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Non-Alcoholic Red Wine May Boost Heart Health
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Non-Alcoholic Red Wine May Be Effective at Lowering Blood Pressure
By Denise Mann
Reviewed by Louise Chang, MD
Sept. 6, 2012 -- Much research has touted the health benefits that come from drinking moderate amounts of red wine.
Now, a new study may extend some of these benefits to teetotalers. Non-alcoholic red wine may be even more effective at lowering blood pressure in men who are high risk for heart attack. The study findings appear in Circulation Research.
The study included 67 men who had diabetes or three or more heart disease risk factors. When the men drank red wine with alcohol, their blood pressure went down a little, and there was no change in blood pressure levels when they drank gin.
When the men drank non-alcoholic red wine, their blood pressure went down enough to lower their risk of heart disease by 14% and stroke by as much as 20%.
Does the Alcohol in Wine Knock Out its Blood Pressure Benefits?
The real health benefits in red wine may be found in powerful antioxidants called polyphenols, not the alcohol. In fact, the alcohol in red wine may dampen its blood pressure-lowering potential. In the study, the red wine with alcohol and non-alcoholic wine contained equal amounts of polyphenols.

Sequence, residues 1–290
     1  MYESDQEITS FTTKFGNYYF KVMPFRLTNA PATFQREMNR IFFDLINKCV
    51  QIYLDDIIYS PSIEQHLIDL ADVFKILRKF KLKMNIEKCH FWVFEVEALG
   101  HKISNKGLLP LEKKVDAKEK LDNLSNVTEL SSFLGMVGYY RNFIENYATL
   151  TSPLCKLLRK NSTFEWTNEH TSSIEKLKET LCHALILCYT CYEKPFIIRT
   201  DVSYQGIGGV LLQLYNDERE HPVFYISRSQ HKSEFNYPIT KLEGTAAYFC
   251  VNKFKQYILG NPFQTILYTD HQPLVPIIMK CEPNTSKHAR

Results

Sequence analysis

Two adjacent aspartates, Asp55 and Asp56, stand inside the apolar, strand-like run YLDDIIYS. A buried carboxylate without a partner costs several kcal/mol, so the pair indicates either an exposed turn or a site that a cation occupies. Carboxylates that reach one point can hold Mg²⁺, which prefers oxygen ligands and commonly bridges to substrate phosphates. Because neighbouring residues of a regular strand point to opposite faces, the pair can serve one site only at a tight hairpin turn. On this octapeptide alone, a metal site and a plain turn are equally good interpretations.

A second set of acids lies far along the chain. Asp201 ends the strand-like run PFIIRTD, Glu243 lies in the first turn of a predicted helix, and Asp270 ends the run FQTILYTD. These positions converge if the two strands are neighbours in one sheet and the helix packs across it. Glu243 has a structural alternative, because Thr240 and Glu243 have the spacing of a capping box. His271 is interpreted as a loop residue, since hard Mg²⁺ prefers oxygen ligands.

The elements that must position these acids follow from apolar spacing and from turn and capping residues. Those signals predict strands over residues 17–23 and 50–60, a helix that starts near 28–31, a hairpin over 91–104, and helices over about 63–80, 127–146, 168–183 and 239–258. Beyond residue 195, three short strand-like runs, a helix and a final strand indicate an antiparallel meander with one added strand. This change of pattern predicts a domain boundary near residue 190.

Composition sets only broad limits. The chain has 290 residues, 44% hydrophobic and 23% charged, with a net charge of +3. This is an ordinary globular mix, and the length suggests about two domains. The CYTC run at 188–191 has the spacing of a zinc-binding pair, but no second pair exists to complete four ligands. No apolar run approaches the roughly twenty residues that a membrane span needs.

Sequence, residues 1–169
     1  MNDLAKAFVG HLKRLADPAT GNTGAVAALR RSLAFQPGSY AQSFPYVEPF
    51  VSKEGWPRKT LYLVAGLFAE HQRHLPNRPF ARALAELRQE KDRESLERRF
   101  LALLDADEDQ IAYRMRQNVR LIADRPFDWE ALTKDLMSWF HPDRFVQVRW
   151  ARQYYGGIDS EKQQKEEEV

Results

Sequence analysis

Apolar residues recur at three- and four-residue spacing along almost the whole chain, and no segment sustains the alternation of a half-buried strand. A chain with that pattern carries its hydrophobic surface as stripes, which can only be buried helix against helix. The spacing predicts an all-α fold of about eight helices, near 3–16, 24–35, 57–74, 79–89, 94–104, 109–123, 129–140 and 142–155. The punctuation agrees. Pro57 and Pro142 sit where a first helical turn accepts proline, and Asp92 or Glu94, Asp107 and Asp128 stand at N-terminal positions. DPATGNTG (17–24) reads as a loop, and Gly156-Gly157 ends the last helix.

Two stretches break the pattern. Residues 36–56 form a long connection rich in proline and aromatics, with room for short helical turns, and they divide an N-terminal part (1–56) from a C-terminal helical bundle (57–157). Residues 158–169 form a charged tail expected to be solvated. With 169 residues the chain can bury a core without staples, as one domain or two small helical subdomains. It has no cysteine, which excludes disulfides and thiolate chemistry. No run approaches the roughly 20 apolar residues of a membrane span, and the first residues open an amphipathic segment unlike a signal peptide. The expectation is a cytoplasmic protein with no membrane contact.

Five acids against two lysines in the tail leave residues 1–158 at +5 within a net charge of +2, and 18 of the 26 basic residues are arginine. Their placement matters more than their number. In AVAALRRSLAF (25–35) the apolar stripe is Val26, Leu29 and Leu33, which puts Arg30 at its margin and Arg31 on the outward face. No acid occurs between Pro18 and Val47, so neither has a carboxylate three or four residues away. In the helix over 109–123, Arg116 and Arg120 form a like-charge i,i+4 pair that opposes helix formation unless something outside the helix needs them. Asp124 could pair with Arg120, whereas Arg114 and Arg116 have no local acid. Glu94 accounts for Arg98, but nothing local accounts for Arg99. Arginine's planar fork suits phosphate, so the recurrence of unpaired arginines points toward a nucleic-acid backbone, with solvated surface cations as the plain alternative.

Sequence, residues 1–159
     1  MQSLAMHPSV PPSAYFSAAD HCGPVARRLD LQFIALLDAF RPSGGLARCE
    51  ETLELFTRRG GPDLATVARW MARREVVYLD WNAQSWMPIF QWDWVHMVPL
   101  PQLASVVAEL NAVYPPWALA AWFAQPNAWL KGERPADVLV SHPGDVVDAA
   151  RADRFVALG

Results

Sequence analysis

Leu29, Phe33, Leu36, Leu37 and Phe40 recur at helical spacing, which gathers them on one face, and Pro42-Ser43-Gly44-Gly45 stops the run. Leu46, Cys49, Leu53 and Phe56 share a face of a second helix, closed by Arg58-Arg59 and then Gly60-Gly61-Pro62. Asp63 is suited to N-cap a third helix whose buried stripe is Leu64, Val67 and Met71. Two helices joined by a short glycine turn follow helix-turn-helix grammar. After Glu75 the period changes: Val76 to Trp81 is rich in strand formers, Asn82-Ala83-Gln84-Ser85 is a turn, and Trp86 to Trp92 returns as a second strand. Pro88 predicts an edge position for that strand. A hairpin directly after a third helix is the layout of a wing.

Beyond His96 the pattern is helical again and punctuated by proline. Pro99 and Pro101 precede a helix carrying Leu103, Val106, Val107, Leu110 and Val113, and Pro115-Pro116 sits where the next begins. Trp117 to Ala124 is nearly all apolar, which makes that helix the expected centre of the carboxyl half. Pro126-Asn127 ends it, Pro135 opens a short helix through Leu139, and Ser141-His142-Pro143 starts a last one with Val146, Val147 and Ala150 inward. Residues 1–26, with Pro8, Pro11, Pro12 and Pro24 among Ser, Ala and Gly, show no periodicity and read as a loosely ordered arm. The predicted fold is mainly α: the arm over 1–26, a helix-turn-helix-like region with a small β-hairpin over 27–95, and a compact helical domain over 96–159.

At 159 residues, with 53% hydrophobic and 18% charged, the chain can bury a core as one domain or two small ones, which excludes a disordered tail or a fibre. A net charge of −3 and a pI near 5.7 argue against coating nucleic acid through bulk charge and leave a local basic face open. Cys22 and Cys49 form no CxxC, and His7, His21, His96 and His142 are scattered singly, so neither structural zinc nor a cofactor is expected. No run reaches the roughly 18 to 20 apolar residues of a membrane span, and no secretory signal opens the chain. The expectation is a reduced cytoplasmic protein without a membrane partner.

The researchers were able to link polyphenol levels to a boost in men's levels of nitric oxide, which helps lower blood pressure. Nitric oxide helps blood vessels relax and allows more blood to reach your heart and organs.
During the study, the men ate similar diets and drank either 10 ounces of red wine, 10 ounces of non-alcoholic red wine, or 3 ounces of gin. All of the men tried each diet/beverage combination for four weeks.
"The non-alcoholic part of the wine -- namely polyphenols -- exert a protective effect on the cardiovascular system," says researcher Ramon Estruch, MD, PhD of the University of Barcelona in Barcelona, Spain. "Polyphenols also have anti-inflammatory and antioxidant properties that may be useful to prevent other disease such as diabetes."
He predicts that more people will turn to non-alcoholic wine in the future.
An Alternative for Some
This is welcome news for people who can't or don't want to drink alcohol, says Suzanne Steinbaum, DO, at Lenox Hill Hospital in New York City. Although some alcohol is thought to be good for you, too much alcohol can increase blood pressure levels.
"Certain people don't want to drink alcohol, so here we have an alternative way for them to get the heart health benefits," she says. "It's not so much the alcohol as it is the polyphenols in red wine."
Other alcoholic drinks have also been shown to have health benefits, but they may do so differently than red wine, Steinbaum says.
SOURCES: Chiva-Blanch, G. Circulation Research, study received ahead of print. Suzanne Steinbaum, DO, preventive cardiologist, Lenox Hill Hospital, New York City. Ramon Estruch, MD, PhD, of the University of Barcelona in Barcelona, Spain. Connie Diekman, RD, director, university nutrition, Washington University, St. Louis.